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Getting to the Finish Line Faster

These days, nobody seems to be in a rush to hire. That's bad news for any job seeker who's looking to make a move -- and worse for anyone who's already on the street.

Career experts say, however, job candidates have ways to shove a slow-track interview process onto the fast track. One is to have an offer in hand that you can flash in front of the most coveted prospective employer. That's easier said than done when hiring has slowed. Yet if job seekers increase the number of potential employers they're talking to, they can also boost their chances of netting more offers, says Kate Wendleton, president of the Five O'Clock Club, a national career-counseling organization. Wendleton suggests that applicants contact at least 6 to 10 places where they would want to work.

"We want people to end up having three concurrent job offers," she says. "That way, they can go back to the employers where they want to work and say 'I didn't want to take that job without having the chance to meet with you.'"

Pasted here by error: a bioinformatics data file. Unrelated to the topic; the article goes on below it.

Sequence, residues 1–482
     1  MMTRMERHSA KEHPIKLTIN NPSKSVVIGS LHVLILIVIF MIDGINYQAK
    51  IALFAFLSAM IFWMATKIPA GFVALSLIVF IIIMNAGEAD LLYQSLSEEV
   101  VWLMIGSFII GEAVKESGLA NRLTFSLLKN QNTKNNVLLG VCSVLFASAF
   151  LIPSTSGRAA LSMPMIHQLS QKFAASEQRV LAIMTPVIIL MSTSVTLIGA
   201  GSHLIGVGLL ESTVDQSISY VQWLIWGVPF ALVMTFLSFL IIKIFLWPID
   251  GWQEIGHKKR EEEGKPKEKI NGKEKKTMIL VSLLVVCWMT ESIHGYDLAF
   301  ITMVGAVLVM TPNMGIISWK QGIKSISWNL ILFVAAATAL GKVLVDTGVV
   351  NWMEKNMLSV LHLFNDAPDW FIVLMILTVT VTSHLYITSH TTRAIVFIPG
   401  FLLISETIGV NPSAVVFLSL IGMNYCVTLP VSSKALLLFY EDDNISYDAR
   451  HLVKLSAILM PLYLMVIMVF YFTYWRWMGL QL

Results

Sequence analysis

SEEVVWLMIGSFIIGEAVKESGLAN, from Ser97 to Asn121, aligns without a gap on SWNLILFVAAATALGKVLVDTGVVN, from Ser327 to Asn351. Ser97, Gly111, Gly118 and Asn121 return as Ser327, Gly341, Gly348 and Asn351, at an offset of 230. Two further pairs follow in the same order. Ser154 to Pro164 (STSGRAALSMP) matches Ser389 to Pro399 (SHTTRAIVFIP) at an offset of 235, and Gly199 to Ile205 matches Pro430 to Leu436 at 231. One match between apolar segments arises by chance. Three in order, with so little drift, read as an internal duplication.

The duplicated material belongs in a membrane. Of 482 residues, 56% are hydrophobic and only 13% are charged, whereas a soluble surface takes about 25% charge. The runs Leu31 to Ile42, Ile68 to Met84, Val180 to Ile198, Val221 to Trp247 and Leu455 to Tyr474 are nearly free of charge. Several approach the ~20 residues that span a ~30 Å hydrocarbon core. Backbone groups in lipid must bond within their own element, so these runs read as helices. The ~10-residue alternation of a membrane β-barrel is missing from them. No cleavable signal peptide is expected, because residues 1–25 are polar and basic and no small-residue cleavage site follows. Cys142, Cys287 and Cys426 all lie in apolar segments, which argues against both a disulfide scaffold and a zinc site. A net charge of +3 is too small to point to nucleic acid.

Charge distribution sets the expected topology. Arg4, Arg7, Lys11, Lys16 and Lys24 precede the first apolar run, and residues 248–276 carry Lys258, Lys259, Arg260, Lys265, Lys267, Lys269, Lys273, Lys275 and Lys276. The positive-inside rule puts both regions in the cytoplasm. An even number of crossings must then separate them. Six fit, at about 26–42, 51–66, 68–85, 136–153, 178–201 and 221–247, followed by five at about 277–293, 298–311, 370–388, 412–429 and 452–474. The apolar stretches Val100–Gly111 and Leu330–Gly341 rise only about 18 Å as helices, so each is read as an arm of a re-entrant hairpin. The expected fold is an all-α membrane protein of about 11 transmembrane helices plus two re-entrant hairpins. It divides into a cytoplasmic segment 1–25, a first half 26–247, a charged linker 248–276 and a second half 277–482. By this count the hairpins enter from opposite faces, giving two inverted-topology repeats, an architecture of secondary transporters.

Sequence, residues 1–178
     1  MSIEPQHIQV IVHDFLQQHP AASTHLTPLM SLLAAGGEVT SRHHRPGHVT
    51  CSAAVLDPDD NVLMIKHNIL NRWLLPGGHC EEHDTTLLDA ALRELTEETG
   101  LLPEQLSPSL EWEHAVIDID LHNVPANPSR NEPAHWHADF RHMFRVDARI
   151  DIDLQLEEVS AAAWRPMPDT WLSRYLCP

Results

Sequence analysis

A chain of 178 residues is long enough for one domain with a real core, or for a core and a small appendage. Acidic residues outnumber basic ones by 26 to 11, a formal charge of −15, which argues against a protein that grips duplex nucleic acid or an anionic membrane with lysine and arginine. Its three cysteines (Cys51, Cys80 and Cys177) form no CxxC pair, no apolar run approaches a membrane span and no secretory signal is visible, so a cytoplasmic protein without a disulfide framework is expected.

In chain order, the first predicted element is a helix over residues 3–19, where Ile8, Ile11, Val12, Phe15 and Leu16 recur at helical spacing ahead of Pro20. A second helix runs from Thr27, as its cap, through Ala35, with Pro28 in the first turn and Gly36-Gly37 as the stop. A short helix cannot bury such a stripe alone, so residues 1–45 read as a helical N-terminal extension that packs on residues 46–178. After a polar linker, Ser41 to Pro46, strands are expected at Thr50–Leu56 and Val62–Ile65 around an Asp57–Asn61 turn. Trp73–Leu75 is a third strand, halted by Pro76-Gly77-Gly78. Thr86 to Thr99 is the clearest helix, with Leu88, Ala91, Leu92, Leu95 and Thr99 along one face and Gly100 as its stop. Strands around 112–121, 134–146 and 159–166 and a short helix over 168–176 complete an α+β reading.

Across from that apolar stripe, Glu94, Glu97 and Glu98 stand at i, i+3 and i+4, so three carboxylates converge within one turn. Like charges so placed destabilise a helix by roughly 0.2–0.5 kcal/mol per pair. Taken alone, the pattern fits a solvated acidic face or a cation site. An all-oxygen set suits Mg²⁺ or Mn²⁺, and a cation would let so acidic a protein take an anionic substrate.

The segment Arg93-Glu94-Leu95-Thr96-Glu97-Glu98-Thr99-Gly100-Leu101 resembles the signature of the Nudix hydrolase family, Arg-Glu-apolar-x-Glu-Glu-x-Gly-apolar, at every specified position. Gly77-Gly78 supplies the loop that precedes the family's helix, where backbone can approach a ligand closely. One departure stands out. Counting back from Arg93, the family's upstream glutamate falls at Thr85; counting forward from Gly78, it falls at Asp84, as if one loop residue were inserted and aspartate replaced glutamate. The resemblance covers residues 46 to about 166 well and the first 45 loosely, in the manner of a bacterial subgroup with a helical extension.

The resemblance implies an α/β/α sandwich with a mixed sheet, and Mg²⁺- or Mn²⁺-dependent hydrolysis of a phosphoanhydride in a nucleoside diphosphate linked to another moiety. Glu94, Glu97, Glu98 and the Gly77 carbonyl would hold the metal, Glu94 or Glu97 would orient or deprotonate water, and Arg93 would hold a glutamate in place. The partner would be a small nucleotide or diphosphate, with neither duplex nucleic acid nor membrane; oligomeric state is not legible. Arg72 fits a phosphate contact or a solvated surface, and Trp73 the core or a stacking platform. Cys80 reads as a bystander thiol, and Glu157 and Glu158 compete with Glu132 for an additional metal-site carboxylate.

BEYOND JOB TITLES. Job seekers also have ways of making themselves stand out in a tighter market. So the interview process is taking longer than you thought? Use the extra time to better hone your message, says Louise Kursmark, president of Best Impression Career Services, a Cincinnati resume-writing and career-services business. Kursmark says job seekers tend to focus too much on job titles and too little on what they actually did in these jobs.

Instead of noting, let's say, that you have 15 years experience as a manager at Procter & Gamble, mention that you have 15 years background in cutting costs and increasing profitability at P&G. "It's a little more competitive," says Kursmark, author of Sales & Marketing Resumes for $100,000 Careers.

And remember, the squeaky wheel often gets the grease, Kursmark adds. At the end of the interview, ask the recruiter when you can expect to hear back. If you don't get the call, check in at least once a week, she says. "Don't be afraid that you are annoying them until they say 'Go away!'" Kursmark says. "Sometimes that pressure will force the issue." By Eric Wahlgren in New York

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